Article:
• Two COAs would adjust personnel assignment and compensation policies. Of these, one would provide targeted incentive pay, and the other would allow eligible personnel to bid for assignment incentive pay.

The team evaluated the COAs using five criteria

  • The team evaluated each option in terms of crew satisfaction, crew preparation and knowledge retention, timeliness, feasibility or ease of implementation, and cost.
  • In general, the COAs present a trade-off between (1) improvements in crew satisfaction and knowledge transfer and (2) ease of implementation and affordability.

Recommendations

  • Although some COAs are mutually exclusive, others could be combined to address a broader set of problems or more effectively address a single issue. The most appropriate combination depends on how the USCG prioritizes the evaluation criteria.
  • Because dissatisfaction with precommissioning assignments is more acute among officers than enlisted personnel, the USCG should prioritize COAs that would improve the precommissioning experiences of crew members serving two-year tours or tailor the COAs to target the officer population.
  • Attending to larger workforce management issues would likely improve satisfaction with precommissioning assignments specifically. These issues include dissatisfaction with sea duty aboard major cutters, especially among officers; heavy in-port workloads, whether they occur on a precommissioning assignment or not; and lack of transparency in personnel management and practices.
  • One way forward would be for the USCG to adopt an incremental approach: Implement some of the more-feasible COAs in the short term while working toward some of the higher-impact COAs over the long term.

Table of Contents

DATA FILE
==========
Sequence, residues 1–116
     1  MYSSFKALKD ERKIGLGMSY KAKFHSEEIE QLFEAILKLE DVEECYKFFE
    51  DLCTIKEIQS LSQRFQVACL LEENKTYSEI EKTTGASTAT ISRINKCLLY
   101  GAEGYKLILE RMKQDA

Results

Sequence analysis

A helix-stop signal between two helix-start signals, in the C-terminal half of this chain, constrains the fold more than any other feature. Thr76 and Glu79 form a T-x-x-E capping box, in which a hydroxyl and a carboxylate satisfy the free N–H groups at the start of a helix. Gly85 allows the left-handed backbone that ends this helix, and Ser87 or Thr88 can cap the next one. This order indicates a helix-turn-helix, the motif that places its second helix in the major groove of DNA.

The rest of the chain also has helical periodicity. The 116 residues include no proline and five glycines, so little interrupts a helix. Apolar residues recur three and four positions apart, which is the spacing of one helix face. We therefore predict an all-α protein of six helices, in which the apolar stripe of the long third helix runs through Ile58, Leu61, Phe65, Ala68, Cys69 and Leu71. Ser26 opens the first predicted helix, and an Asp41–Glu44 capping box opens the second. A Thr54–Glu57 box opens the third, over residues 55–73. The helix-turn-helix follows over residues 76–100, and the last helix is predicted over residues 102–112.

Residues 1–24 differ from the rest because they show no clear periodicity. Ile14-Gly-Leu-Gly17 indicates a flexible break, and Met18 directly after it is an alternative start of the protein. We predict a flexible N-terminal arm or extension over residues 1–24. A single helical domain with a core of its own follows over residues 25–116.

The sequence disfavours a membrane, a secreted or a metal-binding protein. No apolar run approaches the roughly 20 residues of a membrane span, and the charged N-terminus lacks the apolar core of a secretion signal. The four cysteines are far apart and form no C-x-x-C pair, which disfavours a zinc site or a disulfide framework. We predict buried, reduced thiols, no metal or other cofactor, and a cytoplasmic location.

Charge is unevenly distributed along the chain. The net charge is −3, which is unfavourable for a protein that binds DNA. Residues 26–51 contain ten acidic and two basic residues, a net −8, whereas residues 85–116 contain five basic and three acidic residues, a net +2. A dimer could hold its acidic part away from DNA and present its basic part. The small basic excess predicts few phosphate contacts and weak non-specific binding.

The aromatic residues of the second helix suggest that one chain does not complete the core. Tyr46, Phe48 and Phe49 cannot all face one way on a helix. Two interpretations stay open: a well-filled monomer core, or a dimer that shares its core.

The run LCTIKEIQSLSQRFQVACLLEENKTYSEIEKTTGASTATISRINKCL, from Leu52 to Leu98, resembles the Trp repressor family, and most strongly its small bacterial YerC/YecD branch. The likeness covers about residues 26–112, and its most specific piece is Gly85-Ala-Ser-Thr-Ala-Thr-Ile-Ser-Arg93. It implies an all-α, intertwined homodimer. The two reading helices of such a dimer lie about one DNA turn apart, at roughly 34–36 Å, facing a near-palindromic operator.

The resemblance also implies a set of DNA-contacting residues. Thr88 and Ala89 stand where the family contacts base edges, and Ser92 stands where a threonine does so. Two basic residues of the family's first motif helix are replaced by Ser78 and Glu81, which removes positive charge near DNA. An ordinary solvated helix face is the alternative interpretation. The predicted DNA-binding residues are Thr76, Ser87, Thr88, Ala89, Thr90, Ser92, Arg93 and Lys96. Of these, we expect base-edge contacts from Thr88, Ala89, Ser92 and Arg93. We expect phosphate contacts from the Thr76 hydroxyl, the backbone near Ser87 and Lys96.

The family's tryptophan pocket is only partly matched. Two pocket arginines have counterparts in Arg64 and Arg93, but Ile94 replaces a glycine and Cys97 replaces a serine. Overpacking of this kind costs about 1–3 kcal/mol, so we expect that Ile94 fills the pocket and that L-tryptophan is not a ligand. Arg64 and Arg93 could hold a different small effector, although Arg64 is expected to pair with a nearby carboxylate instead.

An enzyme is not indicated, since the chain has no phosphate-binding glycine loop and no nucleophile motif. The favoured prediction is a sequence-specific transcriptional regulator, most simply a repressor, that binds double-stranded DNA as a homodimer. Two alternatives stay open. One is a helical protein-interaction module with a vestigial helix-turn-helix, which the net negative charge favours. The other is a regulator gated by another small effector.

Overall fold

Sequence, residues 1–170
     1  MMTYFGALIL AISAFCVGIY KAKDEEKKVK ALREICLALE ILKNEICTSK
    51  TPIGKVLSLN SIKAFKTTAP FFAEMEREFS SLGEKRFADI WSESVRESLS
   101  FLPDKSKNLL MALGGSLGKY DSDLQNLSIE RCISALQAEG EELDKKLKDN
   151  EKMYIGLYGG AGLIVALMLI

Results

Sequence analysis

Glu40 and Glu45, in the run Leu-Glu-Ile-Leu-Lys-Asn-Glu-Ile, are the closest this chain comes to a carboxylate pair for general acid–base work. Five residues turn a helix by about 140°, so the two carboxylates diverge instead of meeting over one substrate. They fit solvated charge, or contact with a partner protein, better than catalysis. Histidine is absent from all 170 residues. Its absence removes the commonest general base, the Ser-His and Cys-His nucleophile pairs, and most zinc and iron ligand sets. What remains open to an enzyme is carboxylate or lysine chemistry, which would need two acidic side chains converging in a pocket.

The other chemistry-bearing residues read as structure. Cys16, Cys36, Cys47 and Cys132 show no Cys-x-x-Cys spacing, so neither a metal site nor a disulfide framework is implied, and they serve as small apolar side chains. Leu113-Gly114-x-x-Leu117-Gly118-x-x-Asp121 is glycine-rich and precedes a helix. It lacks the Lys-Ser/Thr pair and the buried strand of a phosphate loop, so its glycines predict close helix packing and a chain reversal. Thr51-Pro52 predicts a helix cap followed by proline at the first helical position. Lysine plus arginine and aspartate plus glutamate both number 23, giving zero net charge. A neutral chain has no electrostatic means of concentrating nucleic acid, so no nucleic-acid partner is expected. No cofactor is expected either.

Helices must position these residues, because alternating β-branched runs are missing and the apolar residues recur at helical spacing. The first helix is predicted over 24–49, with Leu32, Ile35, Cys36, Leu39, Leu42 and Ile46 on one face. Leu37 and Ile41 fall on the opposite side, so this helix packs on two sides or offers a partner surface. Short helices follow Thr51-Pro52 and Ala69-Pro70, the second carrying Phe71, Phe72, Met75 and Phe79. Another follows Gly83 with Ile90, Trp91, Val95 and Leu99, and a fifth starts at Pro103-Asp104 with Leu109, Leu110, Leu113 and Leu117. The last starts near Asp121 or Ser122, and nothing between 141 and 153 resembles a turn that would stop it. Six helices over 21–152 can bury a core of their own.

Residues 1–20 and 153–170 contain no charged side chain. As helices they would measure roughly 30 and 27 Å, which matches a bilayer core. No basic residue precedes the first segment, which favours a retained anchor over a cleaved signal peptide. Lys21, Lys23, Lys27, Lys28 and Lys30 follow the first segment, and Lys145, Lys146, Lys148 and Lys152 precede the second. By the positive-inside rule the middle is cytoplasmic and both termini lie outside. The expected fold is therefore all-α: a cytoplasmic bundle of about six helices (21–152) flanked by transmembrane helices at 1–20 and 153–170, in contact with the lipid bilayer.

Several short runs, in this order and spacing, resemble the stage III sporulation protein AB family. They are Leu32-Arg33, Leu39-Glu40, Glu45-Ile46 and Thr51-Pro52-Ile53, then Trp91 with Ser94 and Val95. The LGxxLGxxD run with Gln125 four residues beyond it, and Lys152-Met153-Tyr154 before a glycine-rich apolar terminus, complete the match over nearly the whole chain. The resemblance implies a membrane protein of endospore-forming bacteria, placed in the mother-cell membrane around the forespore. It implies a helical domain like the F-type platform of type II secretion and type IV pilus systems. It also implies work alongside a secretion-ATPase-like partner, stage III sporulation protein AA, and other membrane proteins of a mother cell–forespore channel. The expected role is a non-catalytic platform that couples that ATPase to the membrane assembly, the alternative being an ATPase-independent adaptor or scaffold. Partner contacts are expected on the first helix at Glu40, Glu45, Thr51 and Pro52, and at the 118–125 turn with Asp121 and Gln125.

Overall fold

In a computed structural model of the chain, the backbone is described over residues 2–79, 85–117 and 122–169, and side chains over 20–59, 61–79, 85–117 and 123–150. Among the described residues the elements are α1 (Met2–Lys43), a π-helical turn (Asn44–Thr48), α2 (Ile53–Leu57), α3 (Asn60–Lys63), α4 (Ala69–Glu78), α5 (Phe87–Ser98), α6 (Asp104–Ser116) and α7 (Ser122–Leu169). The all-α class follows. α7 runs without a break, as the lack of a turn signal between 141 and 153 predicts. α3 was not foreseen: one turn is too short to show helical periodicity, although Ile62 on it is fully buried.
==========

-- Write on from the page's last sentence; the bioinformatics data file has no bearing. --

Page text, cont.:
• Chapter One

    Introduction

  • Chapter Two

    The Current Precommissioning Process

  • Chapter Three

    Delayed Crew Reporting

  • Chapter Four

    Developing Institutional Knowledge

  • Chapter Five

    Incentive Pays

  • Chapter Six

    Opportunities to Combine Courses of Action

  • Chapter Seven

    Summary Evaluation and Other Considerations

  • Appendix A

    Interview Protocols

  • Appendix B

    A Detailed Timeline of Precommissioning Events

  • Appendix C

    Analysis of Personnel Data

Research conducted by

This research was sponsored by the United States Coast Guard and conducted within the Strategy, Policy, and Operations Program of the Homeland Security Operational Analysis Center (HSOAC)

This report is part of the RAND Corporation Research report series. RAND reports present research findings and objective analysis that address the challenges facing the public and private sectors. All RAND reports undergo rigorous peer review to ensure high standards for research quality and objectivity.

The RAND Corporation is a nonprofit institution that helps improve policy and decisionmaking through research and analysis. RAND's publications do not necessarily reflect the opinions of its research clients and sponsors.